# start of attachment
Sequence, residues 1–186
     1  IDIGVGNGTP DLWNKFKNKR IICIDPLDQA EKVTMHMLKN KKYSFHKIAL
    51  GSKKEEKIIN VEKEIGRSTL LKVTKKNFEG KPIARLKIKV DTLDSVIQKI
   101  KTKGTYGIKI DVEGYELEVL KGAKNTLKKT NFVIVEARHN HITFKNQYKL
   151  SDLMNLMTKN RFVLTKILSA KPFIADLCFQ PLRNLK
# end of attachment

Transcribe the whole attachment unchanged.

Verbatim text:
Sequence, residues 1–186
     1  IDIGVGNGTP DLWNKFKNKR IICIDPLDQA EKVTMHMLKN KKYSFHKIAL
    51  GSKKEEKIIN VEKEIGRSTL LKVTKKNFEG KPIARLKIKV DTLDSVIQKI
   101  KTKGTYGIKI DVEGYELEVL KGAKNTLKKT NFVIVEARHN HITFKNQYKL
   151  SDLMNLMTKN RFVLTKILSA KPFIADLCFQ PLRNLK